Putin v. The West Began 16 Years Ago In Munich — And Nobody Noticed
The Munich Security Conference of 2023 takes place this weekend. The 2007 edition was a turning point for the world, where Vladimir Putin made his intentions clear — and today it all looks destined to arrive at the invasion of Ukraine.
PARIS — The Munich Security Conference, which runs through Sunday, has often been described as the "Davos of Defense," where generals take the stage instead of CEOs. It is also where, 16 years ago, Vladimir Putin made it clear to the world that he would invade Ukraine.
This is obviously an oversimplification. Still, it's worth returning to the Munich Conference of 2007 when the Russian President announced to the West that the post-Soviet party was over.
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Putin delivered a brutal and cutting speech in the German city that was largely overlooked at the time. He had already been in power for seven years, had led the war in Chechnya, and stabilized the situation in Russia after the tumultuous 1990s. By 2007, he was ready to tell the West how he really saw the world.
He launched a scathing critique of the unipolar world, led by the sole superpower at the time, the United States, after the collapse of the Soviet Union. "It is a world of one master, one sovereign," he said.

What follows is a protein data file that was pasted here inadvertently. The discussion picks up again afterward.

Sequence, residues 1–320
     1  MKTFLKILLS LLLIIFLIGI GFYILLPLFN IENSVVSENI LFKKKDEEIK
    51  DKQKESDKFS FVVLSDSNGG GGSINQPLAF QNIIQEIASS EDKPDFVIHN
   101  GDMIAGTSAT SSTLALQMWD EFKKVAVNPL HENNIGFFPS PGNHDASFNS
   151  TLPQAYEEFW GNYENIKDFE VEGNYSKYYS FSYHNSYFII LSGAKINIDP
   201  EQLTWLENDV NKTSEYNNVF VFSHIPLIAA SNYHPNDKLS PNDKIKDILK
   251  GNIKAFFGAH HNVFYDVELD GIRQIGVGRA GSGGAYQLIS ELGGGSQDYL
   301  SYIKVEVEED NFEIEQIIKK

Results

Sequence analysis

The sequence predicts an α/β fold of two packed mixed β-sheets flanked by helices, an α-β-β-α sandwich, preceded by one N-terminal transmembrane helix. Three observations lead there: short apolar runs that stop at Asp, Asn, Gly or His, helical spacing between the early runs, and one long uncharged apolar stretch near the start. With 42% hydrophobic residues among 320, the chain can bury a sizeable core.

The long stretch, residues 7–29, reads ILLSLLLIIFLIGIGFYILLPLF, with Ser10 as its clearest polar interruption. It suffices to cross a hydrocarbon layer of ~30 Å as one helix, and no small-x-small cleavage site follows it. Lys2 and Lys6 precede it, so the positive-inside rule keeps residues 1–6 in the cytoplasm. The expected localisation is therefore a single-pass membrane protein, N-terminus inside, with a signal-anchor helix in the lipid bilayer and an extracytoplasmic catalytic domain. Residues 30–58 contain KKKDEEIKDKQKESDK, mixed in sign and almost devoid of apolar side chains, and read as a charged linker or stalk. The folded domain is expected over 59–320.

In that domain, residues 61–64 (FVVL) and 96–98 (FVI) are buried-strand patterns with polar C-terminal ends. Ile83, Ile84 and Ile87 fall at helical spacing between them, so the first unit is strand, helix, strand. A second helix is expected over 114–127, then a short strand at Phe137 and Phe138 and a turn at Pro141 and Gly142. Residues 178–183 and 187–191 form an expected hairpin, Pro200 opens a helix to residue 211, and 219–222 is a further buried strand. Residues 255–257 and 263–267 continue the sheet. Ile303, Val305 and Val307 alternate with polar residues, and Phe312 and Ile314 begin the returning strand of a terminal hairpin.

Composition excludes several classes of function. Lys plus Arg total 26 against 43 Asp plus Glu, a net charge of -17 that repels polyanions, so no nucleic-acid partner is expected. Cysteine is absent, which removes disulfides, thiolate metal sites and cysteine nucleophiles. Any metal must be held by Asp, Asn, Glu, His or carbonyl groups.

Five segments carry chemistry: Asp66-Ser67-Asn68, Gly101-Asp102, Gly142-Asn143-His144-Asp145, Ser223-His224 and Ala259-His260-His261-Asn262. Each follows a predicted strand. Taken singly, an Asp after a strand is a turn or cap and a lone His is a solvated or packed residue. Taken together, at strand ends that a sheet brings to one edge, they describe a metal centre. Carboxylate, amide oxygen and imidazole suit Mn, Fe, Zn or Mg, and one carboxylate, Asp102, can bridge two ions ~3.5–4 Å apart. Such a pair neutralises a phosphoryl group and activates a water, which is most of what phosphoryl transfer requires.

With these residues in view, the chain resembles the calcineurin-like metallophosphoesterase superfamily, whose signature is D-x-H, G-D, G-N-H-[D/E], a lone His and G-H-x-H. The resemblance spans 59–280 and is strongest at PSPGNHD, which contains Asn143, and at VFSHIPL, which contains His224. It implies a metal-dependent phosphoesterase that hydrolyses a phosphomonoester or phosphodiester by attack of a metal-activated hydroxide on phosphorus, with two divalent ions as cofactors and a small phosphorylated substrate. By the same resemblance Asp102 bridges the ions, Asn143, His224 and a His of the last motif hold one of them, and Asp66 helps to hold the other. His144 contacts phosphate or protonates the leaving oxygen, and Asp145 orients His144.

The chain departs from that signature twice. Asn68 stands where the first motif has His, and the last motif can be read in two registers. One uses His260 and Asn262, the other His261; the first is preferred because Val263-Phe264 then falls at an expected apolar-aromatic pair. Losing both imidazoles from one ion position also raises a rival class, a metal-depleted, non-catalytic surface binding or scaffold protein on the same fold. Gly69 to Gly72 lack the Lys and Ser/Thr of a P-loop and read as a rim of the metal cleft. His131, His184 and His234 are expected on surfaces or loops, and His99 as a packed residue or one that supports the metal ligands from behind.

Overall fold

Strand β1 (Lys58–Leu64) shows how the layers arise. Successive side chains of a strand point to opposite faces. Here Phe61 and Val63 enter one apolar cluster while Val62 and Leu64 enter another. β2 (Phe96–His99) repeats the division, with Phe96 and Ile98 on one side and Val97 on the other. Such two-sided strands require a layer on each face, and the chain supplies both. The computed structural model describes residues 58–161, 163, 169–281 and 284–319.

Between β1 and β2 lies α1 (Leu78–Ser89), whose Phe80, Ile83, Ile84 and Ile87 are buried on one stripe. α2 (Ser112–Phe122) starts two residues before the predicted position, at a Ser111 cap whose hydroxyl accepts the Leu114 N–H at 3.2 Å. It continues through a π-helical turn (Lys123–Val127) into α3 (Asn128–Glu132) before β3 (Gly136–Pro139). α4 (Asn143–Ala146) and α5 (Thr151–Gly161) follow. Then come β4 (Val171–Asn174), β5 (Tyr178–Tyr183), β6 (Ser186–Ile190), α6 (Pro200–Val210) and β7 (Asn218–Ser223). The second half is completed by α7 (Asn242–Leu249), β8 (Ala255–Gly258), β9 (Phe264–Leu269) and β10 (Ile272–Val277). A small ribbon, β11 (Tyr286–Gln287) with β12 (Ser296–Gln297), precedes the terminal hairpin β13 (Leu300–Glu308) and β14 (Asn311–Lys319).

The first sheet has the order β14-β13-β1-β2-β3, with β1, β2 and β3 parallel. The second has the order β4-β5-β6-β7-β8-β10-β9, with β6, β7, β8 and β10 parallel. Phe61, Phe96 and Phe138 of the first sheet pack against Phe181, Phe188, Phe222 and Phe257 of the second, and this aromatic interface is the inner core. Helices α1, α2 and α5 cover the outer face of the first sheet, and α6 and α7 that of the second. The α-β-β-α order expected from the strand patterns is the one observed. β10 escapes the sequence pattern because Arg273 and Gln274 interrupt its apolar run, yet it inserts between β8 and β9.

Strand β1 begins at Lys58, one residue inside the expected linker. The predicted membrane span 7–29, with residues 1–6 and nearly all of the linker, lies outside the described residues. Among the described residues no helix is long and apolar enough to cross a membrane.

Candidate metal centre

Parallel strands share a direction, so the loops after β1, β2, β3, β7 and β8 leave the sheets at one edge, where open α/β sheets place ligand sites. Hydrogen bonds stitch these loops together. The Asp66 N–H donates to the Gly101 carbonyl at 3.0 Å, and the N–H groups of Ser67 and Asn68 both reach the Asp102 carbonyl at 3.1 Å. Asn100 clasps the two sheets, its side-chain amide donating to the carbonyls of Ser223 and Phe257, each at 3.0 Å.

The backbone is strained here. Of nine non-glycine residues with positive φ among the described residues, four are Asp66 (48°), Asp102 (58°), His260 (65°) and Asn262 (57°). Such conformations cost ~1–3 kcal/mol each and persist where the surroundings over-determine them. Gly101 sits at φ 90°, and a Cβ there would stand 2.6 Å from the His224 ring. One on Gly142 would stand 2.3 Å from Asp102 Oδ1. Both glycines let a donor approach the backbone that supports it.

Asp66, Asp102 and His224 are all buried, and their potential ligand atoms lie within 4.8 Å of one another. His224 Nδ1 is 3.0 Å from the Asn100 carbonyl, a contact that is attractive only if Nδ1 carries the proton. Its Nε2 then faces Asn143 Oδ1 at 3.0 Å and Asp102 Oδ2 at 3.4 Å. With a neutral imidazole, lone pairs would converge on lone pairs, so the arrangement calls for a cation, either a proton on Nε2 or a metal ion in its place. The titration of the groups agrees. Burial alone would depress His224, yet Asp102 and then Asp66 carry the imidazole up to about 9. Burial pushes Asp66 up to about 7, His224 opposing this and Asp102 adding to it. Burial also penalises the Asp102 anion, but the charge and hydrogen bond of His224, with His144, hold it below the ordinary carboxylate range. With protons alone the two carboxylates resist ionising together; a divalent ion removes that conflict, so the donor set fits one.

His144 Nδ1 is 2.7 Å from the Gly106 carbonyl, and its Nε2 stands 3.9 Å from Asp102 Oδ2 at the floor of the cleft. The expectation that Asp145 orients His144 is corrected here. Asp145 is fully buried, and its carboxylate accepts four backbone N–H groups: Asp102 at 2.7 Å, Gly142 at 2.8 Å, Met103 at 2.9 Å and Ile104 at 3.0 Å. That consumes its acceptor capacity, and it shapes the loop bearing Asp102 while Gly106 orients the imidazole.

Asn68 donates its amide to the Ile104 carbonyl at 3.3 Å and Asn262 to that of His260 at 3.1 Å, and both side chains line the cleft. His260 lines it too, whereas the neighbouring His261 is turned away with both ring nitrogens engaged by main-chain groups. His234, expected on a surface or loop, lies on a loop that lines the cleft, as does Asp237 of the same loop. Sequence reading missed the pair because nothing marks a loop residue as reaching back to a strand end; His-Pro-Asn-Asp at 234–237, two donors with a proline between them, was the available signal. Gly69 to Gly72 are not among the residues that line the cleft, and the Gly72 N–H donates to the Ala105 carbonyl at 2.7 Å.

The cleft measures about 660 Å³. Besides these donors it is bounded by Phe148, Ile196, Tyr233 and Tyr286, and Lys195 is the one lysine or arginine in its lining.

And for the first time, he denounced NATO's expansion to the East, declaring: "We are legitimately entitled to openly ask against whom this expansion is being carried out."
What's Putin thinking
As observed by Andrei Grachev, a longtime spokesman for Mikhail Gorbachev: "Everyone then considered Putin a lame duck. His speech in Munich was not taken too seriously."
Grachev, who is no fan of Putin's, returned to that fateful speech in his recent book The World Will Never Be The Same Again.: "Few participants that day understood that it was not the voice of a man of the past, nostalgic for a bygone era, but the cry of a new version of Putin 2.0 threatening a new war."
The following year, the war broke out in Georgia.
The pragmatist became an ideologue.
For almost a year now, since he made the fateful decision to invade Ukraine, everyone has been asking "what is in Vladimir Putin's head?" And in parallel, we wonder how the Russian population reacts.
Grachev writes that Putin chose to respond to the Russian people's distress in facing the Soviet collapse by "mobilizing the people behind their leader in the fight for the restoration of historical justice and the deserved greatness of the country."
"Becoming official," he adds, "this ideology was the origin of a radical turning point in Putin's domestic policy towards a confrontation with the West. The pragmatist thus became an ideologue."
Grachev does not spare the West, which he says was guilty of arrogance towards Russia at the time of the collapse of the communist bloc, and its true "strategic error" in refusing to create a collective security structure integrating Russia.
The resolute West has now understood Putin's message.
But he explains well how Putin's transformation is above all a matter of power, how he aims to put the country and the world in a state of permanent tension, as a kind of system rather than an instrument to use when needed.
This framework makes sense as the war in Ukraine drags into a long war. In the absence of any Russian representative this year, the Munich Conference will not have time to reconsider missed opportunities before and after 2007. Yet the West stands resolute, having now understood that Putin wants confrontation.